Why is boiling water frozen in seconds when thrown into the sky between -44 degrees Celsius?

Surely you have seen videos posted on the Internet, where some people were holding a hot water pitcher to boil water in the sky between -40 or -50 degrees Celsius. Notably, this amount of boiling water. froze in an instant, forming a beautiful ice arc in midair. Many people who have finished watching these videos have asked questions: Why is the temperature of boiling water hot to nearly 100 degrees frozen immediately when it falls to the ground?

In a temperature of -40 or -50 degrees Celsius, boiling water freezes in an instant when it is thrown into the sky. Source: NickSchrader

According to scientists, the phenomenon of boiling water freezes before it falls to the ground under low temperature conditions called the Mpemba effect.

Mpemba is a strange phenomenon in which under certain (sometimes occurring) conditions – when co-cooled, hot water can freeze faster than cold water. Interestingly enough, the effect itself is named after Tanzanian high school student Erasto B. Mpemba.

Mpemba first caught sight of this phenomenon in 1963 in a cooking class at Magamba Middle School, when he cooled a hot blend of ice cream (the mix to make ice cream – it was still hot before putting it in the refrigerator). and notice that it hardens faster than the cold blend ice cream.

After graduating, Mpemba transferred to Mkwawa School, Iringa Province, Tanzania. Once, the principal of this school invited Dr. Denis G. Osborne from the university in the city of Dar Es Salaam to lecture on physics.

At the end of the lecture, Erasto Mpemba asked the Doctor a question: “If we have 2 equal cups of water, one 35 ° C cold water and one 100 ° C hot water, together put both cups in the cupboard. ice, the hot water cup will freeze first – Then why?

At that time, this question was full of interesting Mpemba and received only mockery from her classmates, and also from the teacher. However, Dr. Denis G. Osborne subsequently re-experimented the discovery in his workplace, and confirmed Mpemba’s findings. Both teachers and students announced their results in 1969.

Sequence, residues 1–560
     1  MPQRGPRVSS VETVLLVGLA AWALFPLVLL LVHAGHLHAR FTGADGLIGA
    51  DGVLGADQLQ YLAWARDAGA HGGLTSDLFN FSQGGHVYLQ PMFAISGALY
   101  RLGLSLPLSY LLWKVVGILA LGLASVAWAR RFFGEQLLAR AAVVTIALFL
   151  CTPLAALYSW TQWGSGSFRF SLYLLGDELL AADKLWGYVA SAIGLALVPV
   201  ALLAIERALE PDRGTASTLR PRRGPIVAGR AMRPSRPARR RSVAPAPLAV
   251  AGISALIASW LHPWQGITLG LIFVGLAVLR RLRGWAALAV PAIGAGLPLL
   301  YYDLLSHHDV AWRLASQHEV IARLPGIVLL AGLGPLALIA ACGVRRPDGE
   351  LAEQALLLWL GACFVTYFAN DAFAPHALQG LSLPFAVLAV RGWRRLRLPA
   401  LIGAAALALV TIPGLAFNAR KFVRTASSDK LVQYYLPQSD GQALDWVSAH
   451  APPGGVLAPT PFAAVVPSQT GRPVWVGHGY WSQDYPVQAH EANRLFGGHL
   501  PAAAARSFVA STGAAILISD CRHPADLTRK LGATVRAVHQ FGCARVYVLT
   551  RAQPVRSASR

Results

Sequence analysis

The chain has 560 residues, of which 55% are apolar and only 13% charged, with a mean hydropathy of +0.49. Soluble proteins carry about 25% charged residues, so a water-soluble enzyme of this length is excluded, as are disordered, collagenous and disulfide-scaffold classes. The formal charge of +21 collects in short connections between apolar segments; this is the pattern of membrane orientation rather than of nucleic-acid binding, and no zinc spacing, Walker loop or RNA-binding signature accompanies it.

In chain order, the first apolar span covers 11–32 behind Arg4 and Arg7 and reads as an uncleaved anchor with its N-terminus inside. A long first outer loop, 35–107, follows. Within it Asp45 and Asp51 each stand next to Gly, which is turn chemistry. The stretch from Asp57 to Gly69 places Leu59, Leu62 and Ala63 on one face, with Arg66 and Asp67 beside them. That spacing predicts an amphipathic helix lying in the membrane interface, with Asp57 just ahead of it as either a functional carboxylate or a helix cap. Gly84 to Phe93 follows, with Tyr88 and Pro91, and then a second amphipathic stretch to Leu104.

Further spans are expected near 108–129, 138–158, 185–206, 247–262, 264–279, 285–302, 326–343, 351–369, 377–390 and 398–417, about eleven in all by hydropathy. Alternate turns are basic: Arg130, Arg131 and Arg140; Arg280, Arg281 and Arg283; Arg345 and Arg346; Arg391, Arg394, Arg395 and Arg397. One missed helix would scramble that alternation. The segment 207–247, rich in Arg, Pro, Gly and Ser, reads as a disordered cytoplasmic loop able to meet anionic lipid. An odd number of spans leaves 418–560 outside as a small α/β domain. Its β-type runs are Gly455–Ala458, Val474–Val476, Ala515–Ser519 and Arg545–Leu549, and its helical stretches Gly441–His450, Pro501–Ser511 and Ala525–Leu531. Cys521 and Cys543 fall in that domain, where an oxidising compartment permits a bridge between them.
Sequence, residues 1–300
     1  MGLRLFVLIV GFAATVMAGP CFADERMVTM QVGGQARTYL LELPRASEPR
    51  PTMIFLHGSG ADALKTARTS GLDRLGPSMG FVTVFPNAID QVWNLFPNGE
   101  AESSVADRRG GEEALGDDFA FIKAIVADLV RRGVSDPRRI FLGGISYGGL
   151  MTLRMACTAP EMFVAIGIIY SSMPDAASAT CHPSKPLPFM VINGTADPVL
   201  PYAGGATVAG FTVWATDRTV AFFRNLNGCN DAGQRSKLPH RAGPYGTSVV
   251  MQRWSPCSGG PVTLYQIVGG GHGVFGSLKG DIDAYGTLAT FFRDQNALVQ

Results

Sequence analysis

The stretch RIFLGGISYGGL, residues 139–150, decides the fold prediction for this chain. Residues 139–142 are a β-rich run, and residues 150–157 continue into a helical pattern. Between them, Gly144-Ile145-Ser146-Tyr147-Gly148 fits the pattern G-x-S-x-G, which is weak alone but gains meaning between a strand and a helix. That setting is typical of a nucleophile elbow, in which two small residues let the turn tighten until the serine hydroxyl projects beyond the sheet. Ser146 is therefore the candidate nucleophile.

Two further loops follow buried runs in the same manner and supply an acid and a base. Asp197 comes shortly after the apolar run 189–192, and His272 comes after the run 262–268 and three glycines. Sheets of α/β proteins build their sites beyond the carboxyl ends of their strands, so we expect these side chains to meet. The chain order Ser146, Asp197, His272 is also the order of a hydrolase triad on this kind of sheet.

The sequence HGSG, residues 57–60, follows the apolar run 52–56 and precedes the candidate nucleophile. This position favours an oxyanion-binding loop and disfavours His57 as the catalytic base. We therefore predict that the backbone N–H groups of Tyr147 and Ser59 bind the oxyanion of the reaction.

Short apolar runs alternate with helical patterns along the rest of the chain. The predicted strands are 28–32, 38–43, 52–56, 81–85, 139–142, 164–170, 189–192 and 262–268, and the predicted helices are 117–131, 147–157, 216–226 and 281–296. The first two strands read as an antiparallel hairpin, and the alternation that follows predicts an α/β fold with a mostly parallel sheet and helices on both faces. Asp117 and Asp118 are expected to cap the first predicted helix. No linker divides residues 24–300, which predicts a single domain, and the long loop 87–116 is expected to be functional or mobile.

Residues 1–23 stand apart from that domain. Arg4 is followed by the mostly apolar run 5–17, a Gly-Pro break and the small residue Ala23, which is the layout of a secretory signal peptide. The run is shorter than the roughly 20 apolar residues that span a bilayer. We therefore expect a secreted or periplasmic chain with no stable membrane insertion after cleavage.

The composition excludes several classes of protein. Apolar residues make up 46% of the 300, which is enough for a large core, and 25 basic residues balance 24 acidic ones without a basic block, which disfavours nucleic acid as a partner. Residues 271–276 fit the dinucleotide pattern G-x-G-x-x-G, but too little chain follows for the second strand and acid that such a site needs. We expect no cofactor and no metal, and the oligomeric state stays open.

Worth mentioning, this strange phenomenon has puzzled the scientific community for many years, when many researchers have come up with different theories to explain the Mpemba effect.

Why does boiling water that is almost 100 degrees hot instantly freeze when it falls to the ground?

In 2017, a study published by researchers at Southern Methodist University (USA) and Nanjing University (China) gave an explanation to clarify this phenomenon more.

Basically, water is made up of two hydrogen atoms and one oxygen atom. Hydrogen bonds, which are formed between the hydrogen atoms and the oxygen atoms of neighboring water molecules, are key to the Mpemba effect.

In cold water, both strong and weak hydrogen bonds are found. Meanwhile, hot water mainly contains only strong hydrogen bonds, since weak hydrogen bonds are broken during heating. According to researchers at Southern Methodist University) and Nanjing University, the broken molecules can form “Hexagonal lattice of ice” and this is the pivotal point of the Mpemba effect.

With cold water alone, the hydrogen bonds still need to be broken for the freezing process to begin. But because the bonds are already broken in hot water, the rock can form more quickly because the structures needed for it already exist.

Why is boiling water frozen in seconds when thrown into the sky between 44 degrees Celsius | Discover

Earlier, in 2013, a group of physicists at the Nanyang Technological University in Singapore also published research that they believe could further clarify the Mpemba effect.

According to Nanyang University scientists, the key lies in the unusual interactions between hydrogen molecules (water). These molecules are bound together by highly charged bonds, called “hydrogen bonds,” which create tension on the surface of the water and cause it to reach boiling point faster than other liquids. When water molecules shrink again and give off energy, cooling, which means hot water freezes faster than cold water. This helps to explain more about the “Mpemba effect”.

In 2010, scientist James Bulangliqi of State University, New York, USA offered another explanation. According to James Bulangliqi, impurities in water are the key factor that causes hot water to freeze faster.

Specifically, the Mpemba effect comes from an unstable supercool (overcooling). Basically, the water does not freeze when the temperature reaches 0 degrees Celsius. Usually, the water starts to freeze at a lower temperature, ie supercool. The freezing point is decided by impurities, forming the relationship between water and ice.

Under normal circumstances, the water can have several types of impurities, which include dust, dissolved salts and bacteria. Each impurity can affect the freezing mechanism under a special temperature. According to James Bulangliqi, if the freezing point of hot water is at least 5 degrees C high, its freezing rate will be much faster than cold water.

James Bulangliqi also said that if the freezing point of hot water is at least 5 ° C high, its freezing rate will be much faster than cold water.


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